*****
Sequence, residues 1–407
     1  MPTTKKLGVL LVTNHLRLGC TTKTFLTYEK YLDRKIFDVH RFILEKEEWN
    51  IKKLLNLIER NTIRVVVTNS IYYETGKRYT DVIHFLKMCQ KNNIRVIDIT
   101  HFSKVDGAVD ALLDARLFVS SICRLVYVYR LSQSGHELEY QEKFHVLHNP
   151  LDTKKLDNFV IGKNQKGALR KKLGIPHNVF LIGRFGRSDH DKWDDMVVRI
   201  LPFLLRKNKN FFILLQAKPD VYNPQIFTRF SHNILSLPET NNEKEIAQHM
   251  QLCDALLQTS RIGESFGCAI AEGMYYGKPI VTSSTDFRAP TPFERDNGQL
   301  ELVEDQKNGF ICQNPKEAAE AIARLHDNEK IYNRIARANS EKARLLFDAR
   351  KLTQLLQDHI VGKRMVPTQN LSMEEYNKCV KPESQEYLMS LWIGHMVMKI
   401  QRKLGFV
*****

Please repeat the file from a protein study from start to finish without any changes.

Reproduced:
Sequence, residues 1–407
     1  MPTTKKLGVL LVTNHLRLGC TTKTFLTYEK YLDRKIFDVH RFILEKEEWN
    51  IKKLLNLIER NTIRVVVTNS IYYETGKRYT DVIHFLKMCQ KNNIRVIDIT
   101  HFSKVDGAVD ALLDARLFVS SICRLVYVYR LSQSGHELEY QEKFHVLHNP
   151  LDTKKLDNFV IGKNQKGALR KKLGIPHNVF LIGRFGRSDH DKWDDMVVRI
   201  LPFLLRKNKN FFILLQAKPD VYNPQIFTRF SHNILSLPET NNEKEIAQHM
   251  QLCDALLQTS RIGESFGCAI AEGMYYGKPI VTSSTDFRAP TPFERDNGQL
   301  ELVEDQKNGF ICQNPKEAAE AIARLHDNEK IYNRIARANS EKARLLFDAR
   351  KLTQLLQDHI VGKRMVPTQN LSMEEYNKCV KPESQEYLMS LWIGHMVMKI
   401  QRKLGFV